Every week he writes a letter to the state legislature asking for funds to buy books for the prison library.
After six years with no response, he receives several boxes of books and records, a check for $200, and a note requesting that he stop sending letters to the legislature.
Andy's response is to start sending two letters a week!
Never give up!
Like this vignette from the movie, Jesus' parable of the persistent widow is a story of perseverance and hope.
The widow presents her case over and over to a judge who respects neither God nor humans. Nevertheless, in order to preserve his own sanity, the judge finally decides the case in favor of the widow.
Jesus' point in the story is that if people can wear down uncaring judges, how much more readily will God respond to our requests, since God really does care about us.
This is a message about perseverance, but it's also a message about hope.
The widow was in a situation in which she was powerless to act.
Only the judge could bring relief.
The fact that the woman persisted with her request shows that she never gave up hope that justice would be done.
In real life, justice is not always done, but like the widow, we must fight on anyway in the hope that God will change human hearts.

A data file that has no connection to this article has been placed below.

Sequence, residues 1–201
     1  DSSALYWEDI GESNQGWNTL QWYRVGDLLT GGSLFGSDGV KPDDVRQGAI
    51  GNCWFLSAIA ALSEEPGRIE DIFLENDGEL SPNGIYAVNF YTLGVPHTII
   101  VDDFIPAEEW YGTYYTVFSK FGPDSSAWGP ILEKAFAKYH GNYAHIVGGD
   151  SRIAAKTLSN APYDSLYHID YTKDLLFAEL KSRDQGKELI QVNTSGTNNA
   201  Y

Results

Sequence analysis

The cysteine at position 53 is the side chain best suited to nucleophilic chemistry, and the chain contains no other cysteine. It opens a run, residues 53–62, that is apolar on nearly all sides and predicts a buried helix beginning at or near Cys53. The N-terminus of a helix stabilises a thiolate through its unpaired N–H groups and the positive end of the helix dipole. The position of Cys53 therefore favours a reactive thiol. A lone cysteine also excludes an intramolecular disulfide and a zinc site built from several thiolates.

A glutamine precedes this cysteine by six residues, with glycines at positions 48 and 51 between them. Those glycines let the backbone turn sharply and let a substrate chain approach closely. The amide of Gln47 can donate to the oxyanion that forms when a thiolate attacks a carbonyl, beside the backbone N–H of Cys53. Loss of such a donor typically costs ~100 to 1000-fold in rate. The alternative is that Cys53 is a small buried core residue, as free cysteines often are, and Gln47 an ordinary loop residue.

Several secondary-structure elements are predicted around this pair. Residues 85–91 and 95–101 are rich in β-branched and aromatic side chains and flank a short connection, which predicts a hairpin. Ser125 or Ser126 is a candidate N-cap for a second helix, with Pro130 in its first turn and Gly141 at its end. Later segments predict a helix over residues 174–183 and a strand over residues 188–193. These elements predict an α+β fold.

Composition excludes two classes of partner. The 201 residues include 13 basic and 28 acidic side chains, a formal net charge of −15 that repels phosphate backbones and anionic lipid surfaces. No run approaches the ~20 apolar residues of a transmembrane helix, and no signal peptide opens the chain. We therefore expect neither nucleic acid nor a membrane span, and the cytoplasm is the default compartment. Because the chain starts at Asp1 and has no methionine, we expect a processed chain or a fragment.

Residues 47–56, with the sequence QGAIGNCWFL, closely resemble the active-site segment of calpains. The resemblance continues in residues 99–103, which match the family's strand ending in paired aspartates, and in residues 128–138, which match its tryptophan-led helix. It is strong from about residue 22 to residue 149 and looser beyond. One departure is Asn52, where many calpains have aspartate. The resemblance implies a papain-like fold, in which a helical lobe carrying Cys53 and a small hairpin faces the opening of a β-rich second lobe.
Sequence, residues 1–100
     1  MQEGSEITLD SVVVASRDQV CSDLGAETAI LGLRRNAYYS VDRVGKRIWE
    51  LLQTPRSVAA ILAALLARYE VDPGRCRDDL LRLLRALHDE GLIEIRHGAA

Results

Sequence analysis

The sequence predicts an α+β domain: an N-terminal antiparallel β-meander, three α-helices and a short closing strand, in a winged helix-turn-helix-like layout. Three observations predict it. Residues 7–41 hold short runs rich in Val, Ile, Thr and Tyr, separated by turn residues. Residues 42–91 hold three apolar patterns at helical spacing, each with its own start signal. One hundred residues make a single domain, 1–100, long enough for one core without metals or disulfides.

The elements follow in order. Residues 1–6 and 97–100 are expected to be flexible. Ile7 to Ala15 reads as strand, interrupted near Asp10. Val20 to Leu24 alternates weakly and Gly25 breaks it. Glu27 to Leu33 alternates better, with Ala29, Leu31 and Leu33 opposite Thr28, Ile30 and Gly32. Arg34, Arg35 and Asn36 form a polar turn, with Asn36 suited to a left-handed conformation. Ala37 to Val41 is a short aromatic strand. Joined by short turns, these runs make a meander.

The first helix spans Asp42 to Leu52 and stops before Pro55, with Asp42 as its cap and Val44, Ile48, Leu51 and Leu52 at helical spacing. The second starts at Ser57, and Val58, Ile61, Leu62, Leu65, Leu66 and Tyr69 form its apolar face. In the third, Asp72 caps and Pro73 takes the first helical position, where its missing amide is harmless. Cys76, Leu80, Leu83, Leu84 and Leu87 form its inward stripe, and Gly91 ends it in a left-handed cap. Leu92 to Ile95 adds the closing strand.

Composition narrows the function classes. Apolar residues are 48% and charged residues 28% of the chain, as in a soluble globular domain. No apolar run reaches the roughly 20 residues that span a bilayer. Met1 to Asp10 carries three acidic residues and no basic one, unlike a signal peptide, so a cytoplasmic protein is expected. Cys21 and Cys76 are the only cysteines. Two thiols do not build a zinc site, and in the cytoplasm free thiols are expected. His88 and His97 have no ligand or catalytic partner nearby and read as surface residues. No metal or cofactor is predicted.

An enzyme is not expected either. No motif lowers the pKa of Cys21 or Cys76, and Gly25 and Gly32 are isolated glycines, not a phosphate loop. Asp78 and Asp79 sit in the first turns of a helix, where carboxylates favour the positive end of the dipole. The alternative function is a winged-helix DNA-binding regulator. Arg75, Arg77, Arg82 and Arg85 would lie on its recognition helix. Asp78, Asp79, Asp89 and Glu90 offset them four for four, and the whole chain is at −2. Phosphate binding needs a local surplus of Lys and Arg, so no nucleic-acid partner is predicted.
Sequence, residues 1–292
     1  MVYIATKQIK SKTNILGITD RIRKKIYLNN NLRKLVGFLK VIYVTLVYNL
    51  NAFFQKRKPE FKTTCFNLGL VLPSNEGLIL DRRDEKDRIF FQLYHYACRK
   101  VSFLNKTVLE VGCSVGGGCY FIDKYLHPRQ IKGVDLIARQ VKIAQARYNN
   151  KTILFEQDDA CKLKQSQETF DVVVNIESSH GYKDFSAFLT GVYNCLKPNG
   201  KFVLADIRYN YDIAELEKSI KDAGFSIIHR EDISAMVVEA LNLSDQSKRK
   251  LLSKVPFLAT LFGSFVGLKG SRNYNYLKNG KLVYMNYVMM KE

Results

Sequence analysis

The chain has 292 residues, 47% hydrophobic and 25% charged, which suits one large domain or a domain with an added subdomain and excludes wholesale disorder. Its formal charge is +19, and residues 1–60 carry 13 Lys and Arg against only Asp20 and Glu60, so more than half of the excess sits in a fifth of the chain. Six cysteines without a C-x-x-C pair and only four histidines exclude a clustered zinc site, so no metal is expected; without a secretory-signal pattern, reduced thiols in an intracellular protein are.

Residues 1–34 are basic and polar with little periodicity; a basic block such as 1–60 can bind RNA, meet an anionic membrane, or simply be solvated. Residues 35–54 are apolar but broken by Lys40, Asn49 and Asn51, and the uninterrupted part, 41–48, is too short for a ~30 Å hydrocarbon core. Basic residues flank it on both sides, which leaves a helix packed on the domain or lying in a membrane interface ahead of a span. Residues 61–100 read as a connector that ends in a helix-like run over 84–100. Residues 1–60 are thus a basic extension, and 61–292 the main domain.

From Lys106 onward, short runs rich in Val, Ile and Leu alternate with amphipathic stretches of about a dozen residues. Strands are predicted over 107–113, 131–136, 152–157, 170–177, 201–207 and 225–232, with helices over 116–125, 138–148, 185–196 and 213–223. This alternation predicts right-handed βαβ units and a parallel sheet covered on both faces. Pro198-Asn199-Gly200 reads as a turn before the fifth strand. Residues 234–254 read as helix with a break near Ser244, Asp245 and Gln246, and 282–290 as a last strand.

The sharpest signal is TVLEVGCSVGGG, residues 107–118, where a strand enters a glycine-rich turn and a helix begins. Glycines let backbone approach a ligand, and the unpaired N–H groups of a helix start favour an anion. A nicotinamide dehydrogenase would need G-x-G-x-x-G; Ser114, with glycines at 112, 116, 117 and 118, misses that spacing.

Or maybe, with God’s help, we'll just wear them down!
And the prisoners will be free!
And, until that moment comes, we will never give up. We will not stop writing and calling for justice here and around the world.
Amen
A 2011 article by David Reiff in Harper’s Magazine in advance of the tenth anniversary of the attack on 9/11 for me captured some of the primary lessons of war in our current world, and the approach we take at Ploughshares.
September 9, 2001: most of us likely have firsthand memories of that day—where we were and what we were doing when the planes descended on their targets. I started playing golf in Niagara quite early that morning. About 10:30am I saw an unusual number of military jets taking off from a US Air Force base on the other side of Buffalo. In the club house I watched on tv the second jet flying into the World Trade Centre.